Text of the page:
DRHOOK- Forget it: Anterograde amnesia makes everything new

the handsome doctor John Hong

"Forget it– it never happened!" 

How many times have we heard that from dysfunctional or unethical people? (Or at least in TV, movies, and books?)

If you're like an elephant, you never forget anything. Some people can hold onto a grudge longer than a parent who reminds a daughter how she ruined Thanksgiving in 1942 by not following great-grandmother Josephine's recipe for stuffing.

What happens if you can never, ever, remember anything new?

Something old, something new, something borrowed, something blue.

If you have Korsakoff's Syndrome, in a matter of minutes you won't remember something is new. You won't remember to return something borrowed. On the other hand, you would probably remember something old, since it's from the past, and for the same reason you could probably identify the color of something as blue.

Anterograde amnesia is the type of memory loss that occurs in Korsakoff. This means the past memory is intact– people can recall the names of their elementary school teachers (and their brown-nosing peers). However, anything in the present will be gone from memory like a leaf blown away in a November wind. 

I've seen a few people with Korsakoff, and they can certainly fool you with confabulations (making things up to cover up their memory deficits). One person with Korsakoff was very pleasant, but when I asked her what she thought of my nurse, she responded with traditional generic answers. 

"Oh, she's a doll– just a doll. Mmm, hmm...." Ah, my nurse is a man. 

"Oh, yes, he's just so sweet. Haha. I meant ‘he.' You know how it is when you meet so many new people."

Another time I had to leave the exam room to answer a phone call. When I returned, I could tell the patient didn't remember who I was. So I asked, "Have we met before?" 

He replied, "You know, I believe so, but I just– I just can't quite put your face with a name. It's on the tip of my tongue." 

When I told him my name, he responded with a smile and nodded his head as if he had known all along.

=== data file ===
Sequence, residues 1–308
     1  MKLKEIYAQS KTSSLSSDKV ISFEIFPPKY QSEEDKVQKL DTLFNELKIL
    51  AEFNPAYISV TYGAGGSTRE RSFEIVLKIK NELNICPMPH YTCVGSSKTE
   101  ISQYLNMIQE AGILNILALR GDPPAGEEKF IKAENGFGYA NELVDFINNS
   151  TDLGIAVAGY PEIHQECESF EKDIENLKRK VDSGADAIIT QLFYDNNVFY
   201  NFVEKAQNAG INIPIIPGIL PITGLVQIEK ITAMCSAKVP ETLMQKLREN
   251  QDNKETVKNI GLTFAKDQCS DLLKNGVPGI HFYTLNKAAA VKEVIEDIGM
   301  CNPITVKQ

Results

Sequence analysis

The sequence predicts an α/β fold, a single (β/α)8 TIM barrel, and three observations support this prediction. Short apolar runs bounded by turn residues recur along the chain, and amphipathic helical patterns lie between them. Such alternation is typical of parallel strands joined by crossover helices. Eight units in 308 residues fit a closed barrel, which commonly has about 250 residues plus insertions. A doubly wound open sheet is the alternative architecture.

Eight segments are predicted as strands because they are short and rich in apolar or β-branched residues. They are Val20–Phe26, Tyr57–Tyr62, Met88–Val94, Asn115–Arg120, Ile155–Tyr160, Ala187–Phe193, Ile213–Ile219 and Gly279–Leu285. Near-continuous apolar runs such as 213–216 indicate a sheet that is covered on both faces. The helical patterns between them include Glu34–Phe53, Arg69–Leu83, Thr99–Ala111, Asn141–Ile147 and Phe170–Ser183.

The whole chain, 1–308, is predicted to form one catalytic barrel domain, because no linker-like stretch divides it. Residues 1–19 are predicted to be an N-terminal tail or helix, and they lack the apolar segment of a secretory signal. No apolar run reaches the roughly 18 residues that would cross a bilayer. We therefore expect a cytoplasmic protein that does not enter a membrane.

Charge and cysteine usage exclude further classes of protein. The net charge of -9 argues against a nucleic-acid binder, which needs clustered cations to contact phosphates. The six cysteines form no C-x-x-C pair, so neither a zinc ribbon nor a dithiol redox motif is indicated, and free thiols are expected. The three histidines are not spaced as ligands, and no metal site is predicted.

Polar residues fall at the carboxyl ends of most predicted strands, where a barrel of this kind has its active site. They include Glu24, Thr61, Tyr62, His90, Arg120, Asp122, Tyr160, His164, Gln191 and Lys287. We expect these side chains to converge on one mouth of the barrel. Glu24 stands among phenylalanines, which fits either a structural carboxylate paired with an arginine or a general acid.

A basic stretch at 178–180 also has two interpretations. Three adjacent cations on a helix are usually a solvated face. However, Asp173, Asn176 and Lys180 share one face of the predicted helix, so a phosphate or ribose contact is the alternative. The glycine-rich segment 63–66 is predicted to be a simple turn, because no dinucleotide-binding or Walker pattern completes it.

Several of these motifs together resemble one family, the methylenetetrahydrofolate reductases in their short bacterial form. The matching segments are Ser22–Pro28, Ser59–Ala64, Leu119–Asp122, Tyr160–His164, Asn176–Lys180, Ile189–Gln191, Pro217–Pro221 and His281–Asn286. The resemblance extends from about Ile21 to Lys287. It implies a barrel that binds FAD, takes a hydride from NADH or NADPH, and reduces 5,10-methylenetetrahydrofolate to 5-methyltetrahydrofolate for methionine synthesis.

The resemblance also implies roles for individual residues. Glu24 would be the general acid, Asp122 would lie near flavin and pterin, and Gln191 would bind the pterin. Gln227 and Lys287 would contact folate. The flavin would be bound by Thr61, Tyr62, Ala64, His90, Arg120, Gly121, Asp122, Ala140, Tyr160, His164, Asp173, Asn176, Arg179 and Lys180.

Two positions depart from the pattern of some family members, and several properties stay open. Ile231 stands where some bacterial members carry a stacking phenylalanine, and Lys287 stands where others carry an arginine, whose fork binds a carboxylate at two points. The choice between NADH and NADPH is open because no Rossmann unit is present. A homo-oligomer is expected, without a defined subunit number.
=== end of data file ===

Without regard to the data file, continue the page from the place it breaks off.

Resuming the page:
Confabulation isn't lying. It's just what people do when they can't form new memories. In fact, they aren't aware of having anterograde amnesia. It's impossible to put it together when you can't store memories. 

It's like that movie, 50 First Dates, with Drew Barrymore and Adam Sandler. Or maybe that amazing thriller movie Memento is closer to what it's like to have anterograde amnesia, sans the guns and revenge plot. 

Korsakoff's stems from a thiamine (Vitamin B1) deficiency, usually in folks with alcohol abuse and malnutrition. It part of a larger issue, Wernicke-Korsakoff Syndrome which can show up as delirium, inability to move the eyes, and walking like they just got off the Tilt-A-Whirl (not dizzy, but unable walk a straight line). About 80 percent of people with a Wernicke's episode will have some Korsakoff's signs.

Most folks with Korsakoff will have their social abilities intact as well as their attention span. There's usually apathy, though, unlike some other forms of dementia that can make people very aggressive and "in your face." 

Recovery is rare because the memory sections of the brain are gone and gone forever. So persons with Korsakoff need supervision, social support, and often a chronic-care facility.

Having a brain like Teflon would be a curse to me. It would be like having crab cakes fried on your brains: nothing sticks, but you still get to have supper. 

The thing is, by the time dessert arrives, I want to remember how the crab cakes tasted.


Dr. Hook cracks a joke or two, but he's a renowned physician with an interesting website, drjohnhong.com. Email him with your questions.